Riddles in the Dark (17:00) is a highlight of this segment. Gollum and Bilbo’s meeting in the caves was the first scene filmed, and Andy Serkis talks candidly about how surprised he was that Jackson asked him to be Second Unit Director. Jackson talks about doing some previsualization tests with stand-in actors as Gollum, and then we’re shown footage from the very first day of principal photography. Martin Freeman, who plays Bilbo, talks about acting largely in this CG world for the first time and we see a great deal of B-roll footage of the two actors on set, including Serkis accidentally frying a motion capture face cam when he got it wet during a take. The crew talk about the changes in animation technology over the years and we see some fantastic split screen comparisons of Serkis’ acting and the final animated Gollum. An Unexpected Party (25:28) is all about the meeting of the dwarves at Bilbo’s home in Bag End. They talk about the changes in technology and how the camera tricks utilized in LOTR won’t work today with 3D technology, so they actually had to have Ian McKellen as Gandalf film his parts completely by himself in a green screen, scaled-down version of the house where he had to try to memorize where all thirteen dwarves (and Bilbo) are while the rest of them film their scenes together on a real set. It’s pretty heartbreaking when you find out that Ian actually broke down on set due to how taxing it was on him. McKellen even expresses how he considered quitting acting after it. The crew felt bad for him and wanted to show their appreciation for him, and Martin, so they created personal tents for each actor (Ian’s was themed with Elvish set pieces and Martin’s was furnished with a 1960’s look). It was touching to see the love and respect the filmmakers had for their Hobbit family. As the Second Unit Director, Serkis was given the job of filming the food on the table in Bag End and silly stuff like Bombur eating eggs and the dwarves having a food fight.
Roast Mutton (17:12) is about bringing the iconic troll scene to life on screen in Trollshaw Forest. It was interesting to hear how Jackson needed the crew to do a reset after a short time to accomodate a different look for the scene, and it required the entire crew from all departments to pitch in to make it happen in record time. Here we also see some of the motion capture filming used for the trolls–who were voiced and acted by three of the actual dwarf actors too. We also see how the actors had to do the grueling “dwarf kebabs” shot where the actors were bolted onto a log over the fire. Bastion of the Greenwood (10:41) is all about the character Radagast The Brown. Jackson told the team he wanted “enormous rabbits” to pull Radagast’s sleigh and the crew found that to be rather silly…until they learned such super-sized animals actually exist even today. They also show how Coordinator for Stunts and Fights Tim Wong actually served as a stunt double for Sylvester McCoy as Radagast, and they needed to make a face cast of McCoy to make Wong look like him. It’s pretty fascinating how they accomplished it. A Short Rest (29:12) brings us back to Rivendell for a sort of LOTR reunion, and we see Hugo Weaving suiting up once again as Elrond for filming. They show the dwarves beside their scale double stand-ins (who also wear face casts of the actors to look more like them), and Cate Blanchett is shown making her return as well. It’s pretty interesting to see a sequence when Blanchett, McKellen and Jackson call co-writer Fran Walsh on the phone to discuss changing a scene on-the-spot due to some discussion about it. Here we also learn that Christpher Lee (Saruman) couldn’t make it to the New Zealand shoot due to his health, so they filmed his scenes against a green screen to splice into the Rivendell scenes later. The cast and crew then gush over the legendary actor and reflect on how many great stories he has to share about his life. Finally, we see Elijah Wood’s return as Frodo, complete with him putting on slip-on hobbit feet (as opposed to the attachments in the first trilogy) and filming with Ian Holm again as elderly Bilbo. (1 “S” word, 3 “g-ddmn”)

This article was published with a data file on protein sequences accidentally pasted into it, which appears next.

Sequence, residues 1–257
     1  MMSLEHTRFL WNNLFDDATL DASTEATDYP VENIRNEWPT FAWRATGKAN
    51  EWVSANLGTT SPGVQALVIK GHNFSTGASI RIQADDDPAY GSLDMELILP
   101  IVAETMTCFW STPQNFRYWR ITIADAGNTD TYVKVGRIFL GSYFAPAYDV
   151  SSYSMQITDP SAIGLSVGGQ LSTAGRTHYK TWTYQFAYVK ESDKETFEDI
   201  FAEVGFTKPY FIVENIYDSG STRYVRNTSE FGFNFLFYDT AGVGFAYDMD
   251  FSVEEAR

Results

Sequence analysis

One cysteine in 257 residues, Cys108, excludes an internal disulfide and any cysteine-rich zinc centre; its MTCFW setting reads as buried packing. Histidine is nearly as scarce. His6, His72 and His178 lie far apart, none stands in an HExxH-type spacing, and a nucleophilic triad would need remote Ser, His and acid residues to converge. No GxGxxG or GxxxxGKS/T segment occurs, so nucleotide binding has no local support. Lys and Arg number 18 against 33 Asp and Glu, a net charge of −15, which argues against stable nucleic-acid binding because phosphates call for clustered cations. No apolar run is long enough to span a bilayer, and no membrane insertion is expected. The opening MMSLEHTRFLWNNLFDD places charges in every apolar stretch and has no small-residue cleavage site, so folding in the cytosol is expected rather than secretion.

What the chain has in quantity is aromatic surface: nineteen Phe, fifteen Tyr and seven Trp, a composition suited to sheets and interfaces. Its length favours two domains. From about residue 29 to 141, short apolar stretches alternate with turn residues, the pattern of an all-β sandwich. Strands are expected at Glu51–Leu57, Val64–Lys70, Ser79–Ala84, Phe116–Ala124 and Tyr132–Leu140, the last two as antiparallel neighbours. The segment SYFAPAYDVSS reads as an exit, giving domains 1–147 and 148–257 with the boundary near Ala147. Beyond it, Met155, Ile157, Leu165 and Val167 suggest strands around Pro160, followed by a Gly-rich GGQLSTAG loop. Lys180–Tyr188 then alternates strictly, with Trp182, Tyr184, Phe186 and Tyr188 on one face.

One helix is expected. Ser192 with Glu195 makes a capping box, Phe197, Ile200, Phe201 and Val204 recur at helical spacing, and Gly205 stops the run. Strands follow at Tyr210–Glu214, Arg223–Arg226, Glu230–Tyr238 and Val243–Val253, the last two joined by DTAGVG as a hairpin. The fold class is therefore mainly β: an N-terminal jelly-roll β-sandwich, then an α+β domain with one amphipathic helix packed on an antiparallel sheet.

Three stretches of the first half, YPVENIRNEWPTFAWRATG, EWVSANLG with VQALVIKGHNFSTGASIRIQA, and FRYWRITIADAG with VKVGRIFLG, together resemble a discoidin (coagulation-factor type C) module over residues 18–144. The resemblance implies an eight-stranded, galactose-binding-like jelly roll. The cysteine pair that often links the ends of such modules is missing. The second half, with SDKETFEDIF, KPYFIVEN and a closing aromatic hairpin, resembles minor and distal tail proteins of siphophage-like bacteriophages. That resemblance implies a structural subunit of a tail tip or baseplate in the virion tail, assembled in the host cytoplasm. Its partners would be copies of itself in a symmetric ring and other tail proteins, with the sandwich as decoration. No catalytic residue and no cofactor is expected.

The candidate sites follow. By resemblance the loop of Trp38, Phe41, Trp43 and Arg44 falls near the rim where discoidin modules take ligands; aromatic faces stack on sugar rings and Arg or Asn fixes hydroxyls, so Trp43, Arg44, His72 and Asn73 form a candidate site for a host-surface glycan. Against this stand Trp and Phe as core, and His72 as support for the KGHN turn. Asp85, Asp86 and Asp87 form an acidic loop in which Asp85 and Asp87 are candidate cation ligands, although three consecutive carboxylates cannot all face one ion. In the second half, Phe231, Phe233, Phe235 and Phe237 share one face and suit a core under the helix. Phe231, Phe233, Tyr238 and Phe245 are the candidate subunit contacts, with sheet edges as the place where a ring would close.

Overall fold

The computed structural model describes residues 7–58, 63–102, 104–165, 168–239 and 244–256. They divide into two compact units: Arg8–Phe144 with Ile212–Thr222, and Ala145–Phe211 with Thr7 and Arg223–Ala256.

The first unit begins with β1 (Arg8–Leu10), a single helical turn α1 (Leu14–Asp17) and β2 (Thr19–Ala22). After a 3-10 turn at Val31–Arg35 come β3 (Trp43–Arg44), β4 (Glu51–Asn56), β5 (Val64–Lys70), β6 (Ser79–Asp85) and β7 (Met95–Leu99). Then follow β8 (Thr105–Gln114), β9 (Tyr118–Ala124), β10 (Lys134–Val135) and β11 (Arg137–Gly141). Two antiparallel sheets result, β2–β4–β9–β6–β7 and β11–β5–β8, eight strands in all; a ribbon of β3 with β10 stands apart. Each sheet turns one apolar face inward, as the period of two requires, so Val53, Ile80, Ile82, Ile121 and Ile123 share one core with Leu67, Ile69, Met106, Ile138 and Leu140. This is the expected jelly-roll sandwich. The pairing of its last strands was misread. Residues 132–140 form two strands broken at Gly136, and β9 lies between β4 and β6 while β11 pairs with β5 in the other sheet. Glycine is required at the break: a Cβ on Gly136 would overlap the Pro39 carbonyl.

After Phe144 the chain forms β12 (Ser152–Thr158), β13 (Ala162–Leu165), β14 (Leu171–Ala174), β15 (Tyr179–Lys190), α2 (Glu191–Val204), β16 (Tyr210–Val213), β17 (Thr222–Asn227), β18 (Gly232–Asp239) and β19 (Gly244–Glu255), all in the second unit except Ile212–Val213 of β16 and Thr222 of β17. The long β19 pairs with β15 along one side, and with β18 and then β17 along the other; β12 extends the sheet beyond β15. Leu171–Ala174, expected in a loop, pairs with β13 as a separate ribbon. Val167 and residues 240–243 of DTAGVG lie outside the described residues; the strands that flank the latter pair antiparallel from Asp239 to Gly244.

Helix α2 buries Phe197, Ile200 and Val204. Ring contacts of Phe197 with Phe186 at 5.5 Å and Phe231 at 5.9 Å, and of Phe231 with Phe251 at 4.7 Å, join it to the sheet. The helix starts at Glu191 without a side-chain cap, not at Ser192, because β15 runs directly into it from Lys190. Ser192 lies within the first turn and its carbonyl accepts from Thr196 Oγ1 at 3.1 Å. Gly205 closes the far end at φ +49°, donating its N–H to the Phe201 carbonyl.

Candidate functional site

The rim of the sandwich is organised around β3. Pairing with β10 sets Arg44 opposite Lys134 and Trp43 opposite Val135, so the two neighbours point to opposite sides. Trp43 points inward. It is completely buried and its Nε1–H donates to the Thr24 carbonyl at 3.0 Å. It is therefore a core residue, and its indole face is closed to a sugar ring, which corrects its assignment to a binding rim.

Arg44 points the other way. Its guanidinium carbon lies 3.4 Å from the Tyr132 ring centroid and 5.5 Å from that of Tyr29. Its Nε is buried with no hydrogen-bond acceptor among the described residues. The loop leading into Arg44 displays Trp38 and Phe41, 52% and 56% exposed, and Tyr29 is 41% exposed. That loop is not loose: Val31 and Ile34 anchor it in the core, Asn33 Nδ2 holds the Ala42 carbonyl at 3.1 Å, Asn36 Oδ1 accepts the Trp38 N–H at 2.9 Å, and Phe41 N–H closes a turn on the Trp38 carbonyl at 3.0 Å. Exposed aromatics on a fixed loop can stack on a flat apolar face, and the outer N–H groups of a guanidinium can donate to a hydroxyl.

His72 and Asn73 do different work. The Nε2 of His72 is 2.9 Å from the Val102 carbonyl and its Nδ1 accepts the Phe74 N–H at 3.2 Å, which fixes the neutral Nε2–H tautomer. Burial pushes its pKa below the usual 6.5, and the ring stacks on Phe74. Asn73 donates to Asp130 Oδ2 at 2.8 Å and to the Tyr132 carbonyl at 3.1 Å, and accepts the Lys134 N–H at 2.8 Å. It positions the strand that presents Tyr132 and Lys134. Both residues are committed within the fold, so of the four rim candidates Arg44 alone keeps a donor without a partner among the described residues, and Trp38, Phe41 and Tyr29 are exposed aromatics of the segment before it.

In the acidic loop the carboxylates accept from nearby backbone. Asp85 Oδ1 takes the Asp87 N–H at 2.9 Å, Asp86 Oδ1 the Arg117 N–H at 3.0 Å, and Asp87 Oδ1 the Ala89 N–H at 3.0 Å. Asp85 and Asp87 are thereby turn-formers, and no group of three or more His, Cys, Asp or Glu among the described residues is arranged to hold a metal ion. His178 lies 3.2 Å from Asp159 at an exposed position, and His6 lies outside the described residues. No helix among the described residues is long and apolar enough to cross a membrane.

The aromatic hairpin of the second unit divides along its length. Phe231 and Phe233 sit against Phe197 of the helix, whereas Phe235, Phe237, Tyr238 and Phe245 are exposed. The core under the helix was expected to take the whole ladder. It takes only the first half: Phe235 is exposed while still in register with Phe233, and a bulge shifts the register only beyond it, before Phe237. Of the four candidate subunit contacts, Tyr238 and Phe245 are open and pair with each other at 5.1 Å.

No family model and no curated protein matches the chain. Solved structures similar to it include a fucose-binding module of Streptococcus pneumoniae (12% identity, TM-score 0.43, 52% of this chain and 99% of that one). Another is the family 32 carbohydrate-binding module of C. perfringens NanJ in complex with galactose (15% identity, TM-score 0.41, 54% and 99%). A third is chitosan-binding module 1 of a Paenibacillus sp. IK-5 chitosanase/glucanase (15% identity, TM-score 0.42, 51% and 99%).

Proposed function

Over Hill… (13:40) covers filming the Misty Mountain storm, where the actors had to be hosed down to look wet during the torrential rains (which, obviously, they hated), while …Under Hill (19:15) focuses on Goblin Town. Here we see some of the evolution of the goblins’ design — from people in suits (some with animatronic faces that Peter later scrapped in favor of CG) to them being shown as entirely CG designs. They candidly talk about the camaraderie of the goblin actors and how they created their own dance number out of boredom. (1 “S” word) Out of the Frying Pan (16:07) is centered on the forest cliff fight between the dwarves and the Wargs, complete with the appearance of the eagles. (1 “g-ddmn”) Return to Hobbiton (18:35) takes everyone back to the Hobbiton town in New Zealand. Peter brought the actual car from the movie Chitty Chitty Bang Bang (which he owns) to the set to get the team excited for the shoot, and then went on location. Here, we see Elijah Wood rejoining the crew for his on location shooting, including his “last” last shot from Lord of the Rings, and we briefly see some footage from his final moments on set over ten years ago. Finally, it’s quite moving to hear Martin Freeman talk about the Make-A-Wish foundation guests who were given the chance to visit the set to meet the actors on location in Hobbiton.